For the past 93 years, Detroit’s Bayview Yacht Club has been the launch pad for the Bayview-Mac, a 200-plus mile freshwater sprint, beginning in Port Huron and ending at teeny Mackinac Island. There, more than 200 boats from the Great Lakes race annually, many of them world-renowned. So it stands to reason that anyone in the racing circuit will know Bayview Yacht Club. But they’ll also know Jerome Adams.
Drinks notwithstanding, one of the greatest bars in the world is that at Au Petit Fer à Cheval, located in the Marais district of Paris. There, a century-old, white marble and zinc horseshoe-shaped beauty (for which the café is named) fully possesses the narrow space it lives in. Yet, the physicality of the bar’s well-worn, chipped surface is superseded by the front row seat it provides to the incredible efficiency of the narrow backbar and the overlapping conversations that go on around it.
Could there be any wine more ideal than one with the pedigree of red Burgundy and the no-cover-charge approachability of Beaujolais? In fact, this dream match has existed for centuries—but has rarely made it out of France. Known as Bourgogne Passetoutgrain, these wines, which are made from a blend of pinot noir and gamay, are juicy, fragrant, uncomplicated and, crucially, affordable.
Muck Rack makes it simple to find people, tweets, or articles that mention any name, keyword, company, hashtag etc. We've compiled this guide to help you make the most of your search.
Selecting a term
Start searching tweets, articles from media outlets, articles mentioned in tweets, journalists'
names, titles and bios with some suggested searches:
Companies or Topics (e.g. iPhone, Microsoft)
Phrases (e.g. "cloud computing") — use quotes to keep the terms together
Twitter handles (e.g. @username) — returns those who have mentioned or replied to
Names (e.g. "David Pogue")
Hashtags (e.g. #sxsw, #london2012)
Bio details (e.g. vegan, Olympics, father)
Muck Rack's Advanced Search allows for many boolean operators.
Find results that mention multiple specified terms, use AND or
+. For example, ensure each result contains both Elon Musk and Mark Zuckerberg by
searching Obama AND Romney or Obama + Romney.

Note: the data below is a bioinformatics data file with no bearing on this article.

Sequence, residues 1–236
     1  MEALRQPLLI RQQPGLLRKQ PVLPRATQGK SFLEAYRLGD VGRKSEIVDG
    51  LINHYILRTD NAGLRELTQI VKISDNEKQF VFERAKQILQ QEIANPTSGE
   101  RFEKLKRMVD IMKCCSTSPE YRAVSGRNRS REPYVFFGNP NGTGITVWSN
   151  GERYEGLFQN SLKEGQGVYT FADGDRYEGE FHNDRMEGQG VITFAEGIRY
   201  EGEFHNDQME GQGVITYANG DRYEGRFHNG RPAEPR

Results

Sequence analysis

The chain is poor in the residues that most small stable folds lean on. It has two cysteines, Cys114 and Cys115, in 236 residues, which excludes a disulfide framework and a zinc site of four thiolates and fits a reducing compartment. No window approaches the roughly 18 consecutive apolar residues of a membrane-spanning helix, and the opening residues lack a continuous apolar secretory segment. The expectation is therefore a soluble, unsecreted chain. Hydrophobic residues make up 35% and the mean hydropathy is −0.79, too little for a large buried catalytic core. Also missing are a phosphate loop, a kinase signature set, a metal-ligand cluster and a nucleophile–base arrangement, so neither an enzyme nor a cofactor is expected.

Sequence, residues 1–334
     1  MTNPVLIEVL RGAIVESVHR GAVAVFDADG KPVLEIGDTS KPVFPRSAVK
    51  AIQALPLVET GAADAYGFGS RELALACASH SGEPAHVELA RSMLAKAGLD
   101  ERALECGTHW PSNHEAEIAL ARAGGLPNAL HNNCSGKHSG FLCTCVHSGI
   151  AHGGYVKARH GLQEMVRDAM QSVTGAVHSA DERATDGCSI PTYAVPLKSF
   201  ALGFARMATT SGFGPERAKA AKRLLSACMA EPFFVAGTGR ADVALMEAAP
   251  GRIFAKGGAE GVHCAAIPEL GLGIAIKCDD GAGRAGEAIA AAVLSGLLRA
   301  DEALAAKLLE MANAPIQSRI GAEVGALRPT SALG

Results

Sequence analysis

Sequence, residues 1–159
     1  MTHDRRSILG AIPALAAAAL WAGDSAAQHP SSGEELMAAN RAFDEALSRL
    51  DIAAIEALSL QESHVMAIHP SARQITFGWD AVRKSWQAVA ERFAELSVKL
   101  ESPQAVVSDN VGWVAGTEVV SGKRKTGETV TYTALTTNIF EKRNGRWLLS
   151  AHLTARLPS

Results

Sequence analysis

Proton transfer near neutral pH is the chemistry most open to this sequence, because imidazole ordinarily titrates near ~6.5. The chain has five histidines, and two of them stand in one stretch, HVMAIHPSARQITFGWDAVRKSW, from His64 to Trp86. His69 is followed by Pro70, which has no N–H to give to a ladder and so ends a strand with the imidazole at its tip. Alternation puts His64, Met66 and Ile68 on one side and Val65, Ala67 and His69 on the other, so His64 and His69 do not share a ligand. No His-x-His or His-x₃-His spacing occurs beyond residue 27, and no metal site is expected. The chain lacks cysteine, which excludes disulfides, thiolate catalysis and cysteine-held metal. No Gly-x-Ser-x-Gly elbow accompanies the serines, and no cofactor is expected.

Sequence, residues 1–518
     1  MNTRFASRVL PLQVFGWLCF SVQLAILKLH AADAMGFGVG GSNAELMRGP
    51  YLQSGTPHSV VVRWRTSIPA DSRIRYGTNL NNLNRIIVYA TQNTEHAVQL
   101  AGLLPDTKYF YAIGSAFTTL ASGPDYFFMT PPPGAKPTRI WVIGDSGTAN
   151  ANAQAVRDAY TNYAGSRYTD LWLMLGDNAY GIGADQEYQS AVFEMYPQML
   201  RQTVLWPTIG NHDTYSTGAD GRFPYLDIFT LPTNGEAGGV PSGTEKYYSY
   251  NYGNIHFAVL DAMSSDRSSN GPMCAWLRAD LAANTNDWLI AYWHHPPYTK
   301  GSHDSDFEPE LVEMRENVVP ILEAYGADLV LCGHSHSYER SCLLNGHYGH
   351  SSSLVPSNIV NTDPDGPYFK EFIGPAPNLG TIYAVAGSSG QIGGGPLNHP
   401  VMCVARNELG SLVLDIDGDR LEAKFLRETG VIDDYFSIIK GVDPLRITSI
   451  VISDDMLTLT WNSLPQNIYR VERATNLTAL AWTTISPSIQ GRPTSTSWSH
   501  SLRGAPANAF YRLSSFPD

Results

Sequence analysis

Use the operators OR or , to broaden your search when you'd like either of
multiple terms to appear in results. (This is the default behavior of our search when no operators
are used.) For example, search for democrat OR republican to find results that refer to
Democrats and/or Republicans.
Use NOT or - to subtract results from your search. For
example, searching Disney will yield results about the Walt Disney Company as well as Walt Disney
World Resort. To exclude mentions of Disney World, search for Disney -World or Disney
When using one of these operators with a phrase, enclose it in quotation marks. For example, you can
find results about smartphones excluding Apple's iPhone 4S by searching smartphone -"iPhone
Exact case matching or punctuation
If you're searching for a brand name or keyword that relies on specific punctuation marks or capitalization, you can
find results that match your exact query by adding matchcase: before the keyword you're searching for, like matchcase:E*TRADE .
Use parentheses to separate multiple
boolean phrases. For example, to find journalists talking about having fun in Disney World or
Disneyland, search for ("disney world" OR disneyland) AND fun.
An asterisk can be used to search for any variation of a root word truncated by the asterisk. For example, searching for admin* will return results for administrator, administration, administer, administered, etc.
A near operator is an AND operator where you can control the distance between the words. You can vary the distance the near operation uses by adding a forward slash and number (between 0-99) such as strawberries NEAR/10 "whipped cream", which means the strawberries must exist within 10 words of "whipped cream".